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Child's death at daycare leads to acquittal

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Friday afternoon, a jury found a daycare owner and her daughter not guilty of felony murder charges but did convict the two on other charges in the death of a 2-year-old girl left in their care.

After nearly three hours outside in hot summer temperatures after a trip to Chuck E. Cheese, Green was retrieved and rushed to the hospital. She did not survive. It had been reported that Marlo Fallings, 44, and her daughter Quantabia Hopkins, 26, were facing multiple charges in the death of Jazmin Green, who died after being left outside a Jonesboro, Georgia daycare while strapped to a car seat on June 20, 2011.

State Representative Sandra Scott has been working closely with Jazmin's parents for the past three years, as this death occurred in Scott’s own district- and in 2012, Scott introduced the Jazmin Green Act- which would require vans to have an alarm reminding the driver to check for kids left inside. Although the measure didn’t pass, Scott stated, “Friday's verdict makes me all the more determined to try again.” Scott is determined to see that the bill goes through, and Scott announced that she would keep introducing the bill until it in fact does become law, and said “because I think that any daycare provider should want to pay $300 [dollars] to help ensure safety for all [children].” So far three daycare centers in Scott’s county, Clayton County, have taken Scott’s plans to heart and have installed alarms since the accident.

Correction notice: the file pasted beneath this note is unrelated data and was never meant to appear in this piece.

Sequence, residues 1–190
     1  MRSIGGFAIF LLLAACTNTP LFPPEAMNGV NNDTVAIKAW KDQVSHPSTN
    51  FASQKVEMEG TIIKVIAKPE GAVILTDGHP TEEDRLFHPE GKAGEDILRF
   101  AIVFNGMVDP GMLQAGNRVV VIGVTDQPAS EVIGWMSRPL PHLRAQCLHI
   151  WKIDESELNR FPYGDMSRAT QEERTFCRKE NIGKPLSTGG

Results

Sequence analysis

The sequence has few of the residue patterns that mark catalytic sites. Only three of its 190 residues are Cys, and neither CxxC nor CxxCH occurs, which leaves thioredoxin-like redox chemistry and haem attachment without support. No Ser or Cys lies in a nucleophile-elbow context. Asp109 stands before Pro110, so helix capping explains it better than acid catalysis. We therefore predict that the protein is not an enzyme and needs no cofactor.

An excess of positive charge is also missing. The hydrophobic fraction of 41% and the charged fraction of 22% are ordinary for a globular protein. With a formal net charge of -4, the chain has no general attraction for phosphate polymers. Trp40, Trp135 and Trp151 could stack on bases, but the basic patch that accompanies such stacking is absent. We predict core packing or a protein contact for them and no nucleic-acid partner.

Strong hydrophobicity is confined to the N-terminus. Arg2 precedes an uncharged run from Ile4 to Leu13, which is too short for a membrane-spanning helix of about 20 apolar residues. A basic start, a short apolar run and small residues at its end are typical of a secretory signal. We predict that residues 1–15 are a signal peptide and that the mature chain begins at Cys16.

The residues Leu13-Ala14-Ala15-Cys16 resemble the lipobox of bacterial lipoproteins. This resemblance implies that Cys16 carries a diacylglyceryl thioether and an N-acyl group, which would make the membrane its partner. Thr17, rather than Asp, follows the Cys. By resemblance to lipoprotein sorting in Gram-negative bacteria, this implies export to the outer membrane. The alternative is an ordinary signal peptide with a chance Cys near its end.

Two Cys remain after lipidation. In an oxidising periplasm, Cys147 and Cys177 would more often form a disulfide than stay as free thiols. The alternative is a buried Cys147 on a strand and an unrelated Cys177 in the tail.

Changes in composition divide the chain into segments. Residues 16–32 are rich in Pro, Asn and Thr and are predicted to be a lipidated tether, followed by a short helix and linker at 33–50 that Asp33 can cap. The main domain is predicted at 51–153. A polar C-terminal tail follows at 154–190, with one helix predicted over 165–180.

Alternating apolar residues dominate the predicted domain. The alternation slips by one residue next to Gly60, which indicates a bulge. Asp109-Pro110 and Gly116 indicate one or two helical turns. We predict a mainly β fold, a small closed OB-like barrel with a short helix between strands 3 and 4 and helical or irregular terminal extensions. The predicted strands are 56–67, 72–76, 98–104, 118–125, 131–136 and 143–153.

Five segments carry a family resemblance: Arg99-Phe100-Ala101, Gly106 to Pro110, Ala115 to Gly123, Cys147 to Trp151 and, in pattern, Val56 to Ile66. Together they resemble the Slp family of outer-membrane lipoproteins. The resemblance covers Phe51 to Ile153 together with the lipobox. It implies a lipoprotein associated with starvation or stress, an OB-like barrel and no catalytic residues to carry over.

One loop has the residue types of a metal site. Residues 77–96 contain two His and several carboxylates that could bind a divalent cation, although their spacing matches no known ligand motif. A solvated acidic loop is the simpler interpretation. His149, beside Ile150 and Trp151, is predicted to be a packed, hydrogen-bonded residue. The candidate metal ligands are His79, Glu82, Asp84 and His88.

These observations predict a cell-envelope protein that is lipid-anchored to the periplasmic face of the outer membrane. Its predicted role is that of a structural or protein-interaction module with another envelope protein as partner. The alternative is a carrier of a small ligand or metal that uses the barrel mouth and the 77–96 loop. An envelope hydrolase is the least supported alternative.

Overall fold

After less than 30 minutes of closing arguments, Clayton County Deputy Chief Assistant District Attorney, Deah Warren, the jury found Fallings and Hopkins not guilty of felony murder charges after deliberating for more than 3 hours. A jury found Fallings guilty of reckless conduct, and Hopkins guilty of involuntary manslaughter, reckless conduct, and contributing to the deprivation of a minor but found not guilty of cruelty to children.

On that day, when the van returned to Marlo's Magnificent Early Learning Center in Jonesboro, Georgia Jazmin's brother, Savion, was taken off the van, but Jazmin was left behind. It would be another three hours later when Jazmin’s body would be discovered, on that hot summer day of over 90 degrees in June.

Although it would be Fallings who would falsely sign documents stating she was one of the two adults in the van, it would later be proven that her daughter, Quantabia had actually taken a 16-year-old volunteer along who investigators say gave the final okay that the van was empty.

The juvenile volunteer received two-years probation, but Fallings and her daughter, Quantabia, were charged with murder. One of the biggest signs everyone on that case will remember is that only three months before Jazmin's death, the daycare had been written up by state regulators for not keeping proper track of kids on previous field trips.

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